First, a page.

From: Simon Buchan (simon_at_[hidden])
Date: 2005-09-15 20:52:19
Rob Stewart wrote:
> From: Simon Buchan <simon_at_[hidden]>
>>Marcin Kalicinski wrote:
>>>Have you considered modifying BOOST_ASSERT to use __assume on MSVC?
>>>Briefly speaking __assume(expr) is a hint for optimizer that 'expr'
>>>evaluates to nonzero. It can help optimize the code. Standalone use of
>>>__assume is not recommended because compiler does not check if the
>>>assumption is correct, and if it isn't the program is ill formed. But it
>>>fits perfectly in ASSERT macro. This way putting many ASSERTs will not only
>>>help to verify the code - it will also help the optimizer. Wow!
>>I don't get it, isn't the point of assert that it DOES check them? Or
> The point is that a violated assertion makes the program die. It
> isn't supposed to happen. However, since assertions are often
> used only in debug builds, they only help if you run a debug
> build. Thus, if you write assertions, but your clients only run
> release builds, they don't help much.
> Given that the asserted condition holds, then telling the
> compiler about that condition gives the compiler information it
> might be able to use to optimize better. IOW, putting __assume()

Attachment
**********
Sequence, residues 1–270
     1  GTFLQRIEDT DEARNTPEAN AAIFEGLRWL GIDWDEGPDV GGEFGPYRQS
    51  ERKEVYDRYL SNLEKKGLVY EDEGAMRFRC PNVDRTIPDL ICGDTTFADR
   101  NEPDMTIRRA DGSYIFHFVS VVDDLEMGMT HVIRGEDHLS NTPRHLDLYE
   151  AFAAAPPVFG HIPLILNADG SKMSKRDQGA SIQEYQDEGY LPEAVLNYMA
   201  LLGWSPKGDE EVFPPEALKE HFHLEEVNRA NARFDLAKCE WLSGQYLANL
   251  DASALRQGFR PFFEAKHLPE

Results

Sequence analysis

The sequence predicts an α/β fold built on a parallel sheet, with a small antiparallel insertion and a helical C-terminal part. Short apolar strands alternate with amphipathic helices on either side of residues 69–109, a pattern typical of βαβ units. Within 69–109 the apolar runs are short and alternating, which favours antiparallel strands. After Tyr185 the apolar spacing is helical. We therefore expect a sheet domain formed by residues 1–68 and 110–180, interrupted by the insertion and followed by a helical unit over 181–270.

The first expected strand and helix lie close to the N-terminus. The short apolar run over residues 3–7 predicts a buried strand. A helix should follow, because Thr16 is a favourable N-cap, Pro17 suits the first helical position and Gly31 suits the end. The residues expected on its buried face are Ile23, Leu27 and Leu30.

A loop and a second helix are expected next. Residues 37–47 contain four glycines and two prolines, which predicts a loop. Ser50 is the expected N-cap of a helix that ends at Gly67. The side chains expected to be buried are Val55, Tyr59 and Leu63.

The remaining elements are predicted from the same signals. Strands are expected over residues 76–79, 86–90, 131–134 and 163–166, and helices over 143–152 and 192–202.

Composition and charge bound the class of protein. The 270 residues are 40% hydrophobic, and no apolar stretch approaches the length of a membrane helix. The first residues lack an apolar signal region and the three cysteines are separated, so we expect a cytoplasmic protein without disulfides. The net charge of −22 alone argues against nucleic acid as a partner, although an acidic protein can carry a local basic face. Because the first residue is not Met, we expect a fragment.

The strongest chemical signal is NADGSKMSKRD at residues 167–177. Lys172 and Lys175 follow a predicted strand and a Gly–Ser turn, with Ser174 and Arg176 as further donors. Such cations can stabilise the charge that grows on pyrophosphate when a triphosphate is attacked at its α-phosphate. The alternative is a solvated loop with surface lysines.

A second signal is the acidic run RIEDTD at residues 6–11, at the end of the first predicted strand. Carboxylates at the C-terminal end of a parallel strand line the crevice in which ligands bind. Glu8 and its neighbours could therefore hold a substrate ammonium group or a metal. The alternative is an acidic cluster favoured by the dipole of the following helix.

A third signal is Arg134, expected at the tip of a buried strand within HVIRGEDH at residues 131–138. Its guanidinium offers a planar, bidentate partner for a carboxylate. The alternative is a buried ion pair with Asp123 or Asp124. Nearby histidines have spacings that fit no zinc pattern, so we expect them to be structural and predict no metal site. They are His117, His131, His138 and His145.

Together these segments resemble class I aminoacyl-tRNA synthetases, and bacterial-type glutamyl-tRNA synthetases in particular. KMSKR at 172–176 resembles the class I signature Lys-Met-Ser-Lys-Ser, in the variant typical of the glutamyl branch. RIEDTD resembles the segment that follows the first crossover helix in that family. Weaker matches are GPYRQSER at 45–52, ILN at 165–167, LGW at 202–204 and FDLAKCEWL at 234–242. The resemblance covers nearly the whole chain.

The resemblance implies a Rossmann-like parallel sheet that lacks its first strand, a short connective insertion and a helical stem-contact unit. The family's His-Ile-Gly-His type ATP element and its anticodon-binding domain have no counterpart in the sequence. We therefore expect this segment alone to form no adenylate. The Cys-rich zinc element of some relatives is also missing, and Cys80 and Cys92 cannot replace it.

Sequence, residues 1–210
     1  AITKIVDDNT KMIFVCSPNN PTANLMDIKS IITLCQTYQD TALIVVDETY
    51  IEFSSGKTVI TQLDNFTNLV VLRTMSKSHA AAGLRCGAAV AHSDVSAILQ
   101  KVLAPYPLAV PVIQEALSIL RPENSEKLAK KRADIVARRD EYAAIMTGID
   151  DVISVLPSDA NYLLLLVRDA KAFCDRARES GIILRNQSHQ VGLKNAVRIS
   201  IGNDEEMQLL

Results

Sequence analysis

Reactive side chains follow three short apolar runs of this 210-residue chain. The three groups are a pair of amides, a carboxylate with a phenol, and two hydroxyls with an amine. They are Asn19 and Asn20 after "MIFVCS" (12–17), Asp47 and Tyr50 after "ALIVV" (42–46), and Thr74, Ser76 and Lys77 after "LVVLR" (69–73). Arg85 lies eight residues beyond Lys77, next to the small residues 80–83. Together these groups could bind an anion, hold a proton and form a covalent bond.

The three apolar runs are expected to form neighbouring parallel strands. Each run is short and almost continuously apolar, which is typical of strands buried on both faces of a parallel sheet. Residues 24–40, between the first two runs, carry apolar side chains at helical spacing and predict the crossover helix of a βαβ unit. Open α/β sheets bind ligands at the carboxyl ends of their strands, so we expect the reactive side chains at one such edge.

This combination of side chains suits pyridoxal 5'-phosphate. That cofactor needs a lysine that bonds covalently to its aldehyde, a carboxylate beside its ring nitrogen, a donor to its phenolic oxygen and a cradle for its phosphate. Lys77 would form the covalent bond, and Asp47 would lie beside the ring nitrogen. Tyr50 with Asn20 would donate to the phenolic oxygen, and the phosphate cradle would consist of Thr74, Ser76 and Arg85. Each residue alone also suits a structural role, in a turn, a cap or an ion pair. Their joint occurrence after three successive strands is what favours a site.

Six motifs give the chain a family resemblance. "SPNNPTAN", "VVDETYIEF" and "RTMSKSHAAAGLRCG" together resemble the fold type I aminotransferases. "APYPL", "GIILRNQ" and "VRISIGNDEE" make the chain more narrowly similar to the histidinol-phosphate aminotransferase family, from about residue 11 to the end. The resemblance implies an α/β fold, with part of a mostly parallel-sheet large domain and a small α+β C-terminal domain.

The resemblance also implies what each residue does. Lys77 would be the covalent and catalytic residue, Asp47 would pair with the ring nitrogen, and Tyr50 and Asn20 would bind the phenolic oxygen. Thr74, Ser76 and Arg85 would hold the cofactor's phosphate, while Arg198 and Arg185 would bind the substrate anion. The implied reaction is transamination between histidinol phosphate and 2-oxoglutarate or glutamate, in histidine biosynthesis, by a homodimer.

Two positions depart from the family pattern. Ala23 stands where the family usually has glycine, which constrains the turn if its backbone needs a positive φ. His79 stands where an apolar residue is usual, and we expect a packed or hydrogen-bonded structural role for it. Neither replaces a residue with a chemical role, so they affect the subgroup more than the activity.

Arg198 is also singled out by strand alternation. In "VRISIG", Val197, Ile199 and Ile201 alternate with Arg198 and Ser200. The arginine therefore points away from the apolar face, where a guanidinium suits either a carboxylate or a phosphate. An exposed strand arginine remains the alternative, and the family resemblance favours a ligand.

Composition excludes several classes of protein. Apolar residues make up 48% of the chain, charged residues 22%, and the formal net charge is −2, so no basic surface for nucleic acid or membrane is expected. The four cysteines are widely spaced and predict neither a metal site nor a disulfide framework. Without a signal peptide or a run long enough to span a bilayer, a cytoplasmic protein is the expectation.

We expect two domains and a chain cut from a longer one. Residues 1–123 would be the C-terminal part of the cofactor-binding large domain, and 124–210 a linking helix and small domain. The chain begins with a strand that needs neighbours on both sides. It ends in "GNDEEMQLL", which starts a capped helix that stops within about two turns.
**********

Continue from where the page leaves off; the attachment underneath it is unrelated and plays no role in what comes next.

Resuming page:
> in the non-debug assertion means, effectively, "assuming that the
> asserted condition is true (verified in debug builds by an
> assertion), you may apply any additional optimizations you might
> otherwise have skipped."
> If the checking of a debug build isn't brought to bear, then the
> asserted condition may well be violated anyway. So, whether you
> get bad results due to "overly agressive" optimization or due to
> assumptions made by the code following the assertion hardly
> I think the addition is a great idea. Do other compilers offer
> anything similar? I'd hate to miss this opportunity on other
OK, cool. I think the closest GCC comes to just assuming is
__builtin_expect, but as an optimisation, it should be good
enough. (Personnely, I don't think optimization levels should
change the semantics of a program, but assertions are obviously
PS: Don't take me too seriously, I have proven myself to be a
complete idiot many a time :D
Boost list run by bdawes at acm.org, gregod at cs.rpi.edu, cpdaniel at pacbell.net, john at johnmaddock.co.uk